15. Domingo-Calap P, Georgel P, Bahram S. Back to the future: bacteriophages as promising therapeutic tools. HLA. 2016;87:133–40.View ArticlePubMedGoogle Scholar
  16. Guttman B, Raya R, Kutter E. Basic phage biology. In: Kutter E, Sulakvelidze A, editors. Bacteriophages biology and applications. Boca Raton: Crc Press; 2005. p. 29–66.Google Scholar
  17. Abedon ST. Phages, ecology, evolution. In: Bacteriophage ecology: population growth, evolution, and impact of bacterial viruses. Cambridge: Cambridge University Press; 2008. p. 1–30.View ArticleGoogle Scholar
  18. Hagens S, Loessner MJ. Bacteriophage for biocontrol of foodborne pathogens: calculations and considerations. Curr Pharm Biotechnol. 2010;11:58–68.View ArticlePubMedGoogle Scholar
  19. EFSA (European Food Safety Authority) and ECDC (European Centre for Disease Prevention and Control). EU summary report on antimicrobial resistance in zoonotic and indicator bacteria from humans, animals and food in 2013. EFSA J. 2015; doi: 10.2903/j.efsa.2015.4036.
  20. Urban-Chmiel R, Wernicki A, Stęgierska D, Dec M, Dudzic A, Puchalski A. Isolation and characterization of Lytic properties of Bacteriophages specific for M. Haemolytica strains. PLoS One. 2015;10:1–11.View ArticleGoogle Scholar
  21. Loc-Carrillo C, Abedon ST. Pros and cons of phage therapy. Bacteriophage. 2011;1:111–4.View ArticlePubMedPubMed CentralGoogle Scholar
  22. Chibber S, Kumari S. Application of therapeutic phages in medicine. In: Kurtböke I, editor. Bacteriophages. Rijeka: InTech; 2012. p. 139–58.Google Scholar
  23. Kutateladze M, Adamia R. Bacteriophages as potential new therapeutics to replace or supplement antibiotics. Trends Biotechnol. 2010;28:591–5.View ArticlePubMedGoogle Scholar
  24. Biswas B, Adhya S, Washart P, Paul B, Trostel AN, Powell B, Carlton R, Merril CR. Bacteriophage therapy rescues mice bacteremic from a clinical isolate of vancomycin-resistant Enterococcus faecium [erratum in infection and immunity 2002,70,1664]. Infect Immun. 2002;70:204–10.View ArticlePubMedPubMed CentralGoogle Scholar
  25. Weber-Dąbrowska B, Mulczyk M, Górski A. Bacteriophage therapy of bacterial infections: an update of our Institute’s experience. Arch Immunol Ther Exp. 2000;48:547–51.Google Scholar
  26. Barrow P, Lovell M, Berchieri A Jr. Use of lytic bacteriophage for control of experimental Escherichia coli septicemia and meningitis in chickens and calves. Clin Vaccine Immunol. 1998;5:294–8.Google Scholar
  27. Sklar IB, Joerger RD. Attempts to utilize bacteriophages to combat Salmonella enterica serovar Enteritidis in chickens. J Food Saf. 2001;21:15–29.View ArticleGoogle Scholar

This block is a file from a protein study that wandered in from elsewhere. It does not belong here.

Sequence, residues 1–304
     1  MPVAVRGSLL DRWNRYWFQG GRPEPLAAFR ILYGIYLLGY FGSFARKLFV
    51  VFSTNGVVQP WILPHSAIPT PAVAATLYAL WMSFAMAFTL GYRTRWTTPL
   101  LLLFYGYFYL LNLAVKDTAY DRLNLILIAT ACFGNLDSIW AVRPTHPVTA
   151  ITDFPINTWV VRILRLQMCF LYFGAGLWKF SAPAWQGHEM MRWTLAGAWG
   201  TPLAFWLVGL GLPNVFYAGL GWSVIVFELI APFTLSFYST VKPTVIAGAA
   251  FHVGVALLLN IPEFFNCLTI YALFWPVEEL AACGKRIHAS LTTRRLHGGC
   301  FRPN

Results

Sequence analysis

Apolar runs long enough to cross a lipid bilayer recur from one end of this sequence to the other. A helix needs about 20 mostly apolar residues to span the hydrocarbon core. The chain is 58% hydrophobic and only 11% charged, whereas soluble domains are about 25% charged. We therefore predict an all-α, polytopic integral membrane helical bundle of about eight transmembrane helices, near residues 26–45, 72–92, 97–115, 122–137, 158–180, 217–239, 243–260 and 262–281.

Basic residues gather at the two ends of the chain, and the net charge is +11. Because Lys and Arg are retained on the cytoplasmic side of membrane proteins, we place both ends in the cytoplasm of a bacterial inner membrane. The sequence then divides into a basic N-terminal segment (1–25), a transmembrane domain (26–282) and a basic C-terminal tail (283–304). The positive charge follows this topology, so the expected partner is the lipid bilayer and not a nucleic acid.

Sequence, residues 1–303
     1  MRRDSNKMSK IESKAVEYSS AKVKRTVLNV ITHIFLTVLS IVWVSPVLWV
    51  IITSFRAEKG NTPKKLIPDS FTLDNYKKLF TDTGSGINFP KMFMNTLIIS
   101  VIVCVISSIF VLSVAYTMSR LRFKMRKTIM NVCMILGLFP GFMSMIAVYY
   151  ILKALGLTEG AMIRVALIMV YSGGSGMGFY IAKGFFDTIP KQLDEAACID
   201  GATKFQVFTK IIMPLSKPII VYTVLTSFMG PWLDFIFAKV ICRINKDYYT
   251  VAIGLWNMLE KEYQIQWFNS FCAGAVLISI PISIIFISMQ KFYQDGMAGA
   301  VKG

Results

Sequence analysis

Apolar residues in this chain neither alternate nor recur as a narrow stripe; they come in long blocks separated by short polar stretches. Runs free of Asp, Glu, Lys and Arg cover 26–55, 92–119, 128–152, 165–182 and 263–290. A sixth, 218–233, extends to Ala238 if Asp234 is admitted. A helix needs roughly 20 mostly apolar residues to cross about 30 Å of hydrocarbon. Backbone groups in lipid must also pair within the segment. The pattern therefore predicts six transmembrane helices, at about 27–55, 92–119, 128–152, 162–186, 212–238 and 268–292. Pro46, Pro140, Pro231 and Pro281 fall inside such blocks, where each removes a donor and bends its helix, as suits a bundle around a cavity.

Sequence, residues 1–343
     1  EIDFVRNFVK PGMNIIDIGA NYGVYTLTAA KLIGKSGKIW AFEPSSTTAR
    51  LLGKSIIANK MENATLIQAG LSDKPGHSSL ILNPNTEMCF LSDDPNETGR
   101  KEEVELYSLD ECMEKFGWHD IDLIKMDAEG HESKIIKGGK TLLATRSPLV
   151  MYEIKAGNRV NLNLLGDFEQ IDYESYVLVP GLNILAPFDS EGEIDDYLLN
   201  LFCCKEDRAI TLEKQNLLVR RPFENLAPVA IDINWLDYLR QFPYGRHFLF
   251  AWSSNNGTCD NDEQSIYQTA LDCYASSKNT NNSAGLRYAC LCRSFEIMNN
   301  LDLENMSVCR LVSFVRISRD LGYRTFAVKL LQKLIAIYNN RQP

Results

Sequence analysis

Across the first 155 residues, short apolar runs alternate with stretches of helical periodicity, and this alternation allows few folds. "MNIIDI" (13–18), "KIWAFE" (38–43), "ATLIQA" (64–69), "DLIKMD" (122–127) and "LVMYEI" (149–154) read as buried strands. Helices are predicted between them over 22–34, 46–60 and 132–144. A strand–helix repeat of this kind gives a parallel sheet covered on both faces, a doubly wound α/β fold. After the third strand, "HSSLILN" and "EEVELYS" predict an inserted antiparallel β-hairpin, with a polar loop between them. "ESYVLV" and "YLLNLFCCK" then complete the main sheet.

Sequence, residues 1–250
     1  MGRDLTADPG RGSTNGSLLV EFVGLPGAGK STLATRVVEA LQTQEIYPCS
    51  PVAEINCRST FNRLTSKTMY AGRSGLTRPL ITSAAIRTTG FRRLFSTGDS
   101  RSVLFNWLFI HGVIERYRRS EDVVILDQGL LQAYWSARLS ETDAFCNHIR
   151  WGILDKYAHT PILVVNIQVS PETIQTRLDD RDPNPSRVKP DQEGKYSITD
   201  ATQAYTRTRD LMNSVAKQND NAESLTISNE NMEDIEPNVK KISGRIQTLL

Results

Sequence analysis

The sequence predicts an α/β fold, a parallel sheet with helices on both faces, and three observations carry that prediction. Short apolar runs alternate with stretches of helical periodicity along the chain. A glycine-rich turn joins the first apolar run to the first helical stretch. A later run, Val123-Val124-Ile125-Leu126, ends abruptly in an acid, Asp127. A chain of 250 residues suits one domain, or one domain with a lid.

28. Fiorentin L, Vieira ND, Barioni W Jr. Oral treatment with bacteriophages reduces the concentration of Salmonella Enteritidis PT4 in caecal contents of broilers. Avian Pathol. 2005;34:258–63.View ArticlePubMedGoogle Scholar
  29. Atterbury RJ, Van Bergen MA, Ortiz F, Lovell MA, Harris JA, De Boer A, Wagenaar JA, Allen VM, Barrow PA. Bacteriophage therapy to reduce Salmonella colonization of broiler chickens. Appl Environ Microbiol. 2007;73:4543–9.View ArticlePubMedPubMed CentralGoogle Scholar
  30. Andreatti Filho RL, Higgins JP, Higgins SE, Gaona G, Wolfenden AD, Tellez G, Hargis BM. Ability of bacteriophages isolated from different sources to reduce Salmonella enterica serovar enteritidis in vitro and in vivo. Poult Sci. 2007;86:1904–9.View ArticlePubMedGoogle Scholar
  31. Torro H, Price SB, McKee S, Hoerr FJ, Krehling J, Perdue M, Bauermeister L. Use of bacteriophages in combination with competitive exclusion to reduce Salmonella from infected chickens. Avian Dis. 2005;49:118–24.View ArticleGoogle Scholar
  32. Lim TH, Lee DH, Lee YN, Park JK, Youn HN, Kim MS, Lee HJ, Yang SY, Cho YW, Lee JB, Park SY, Choi IS, Song CS. Efficacy of bacteriophage therapy on horizontal transmission of Salmonella Gallinarum on commercial layer chickens. Avian Dis. 2011;55:435–8.View ArticlePubMedGoogle Scholar
  33. Wagenaar JA, Van Bergen MAP, Mueller MA, Wassenaar TM, Carlton RM. Phage therapy reduces Campylobacter jejuni colonization in broilers. Vet Microbiol. 2005;109:275–83.View ArticlePubMedGoogle Scholar
  34. Miller RW, Skinner J, Sulakvelidze A, Mathis GF, Hofacre CL. Bacteriophage therapy for control of necrotic enteritis of broiler chickens experimentally infected with Clostridium perfringens. Avian Dis. 2010;54:33–40.View ArticlePubMedGoogle Scholar
  35. Ahmadi M, Amir Karimi Torshizi M, Rahimi S, Dennehy JJ. Prophylactic Bacteriophage administration more effective than post-infection Administration in Reducing Salmonella enterica serovar Enteritidis shedding in quail. Frontiers Microb. 2016; 7: art. 1253 doi: doi: 10.3389/fmicb.2016.01253.
  36. Borie C, Sanchez ML, Navarro C, Ramírez S, Morales MA, Retamales J, Robeson J. Aerosol spray treatment with bacteriophages and competitive exclusion reduces Salmonella enteritidis infection in chickens. Avian Dis. 2009;53:250–4.View ArticlePubMedGoogle Scholar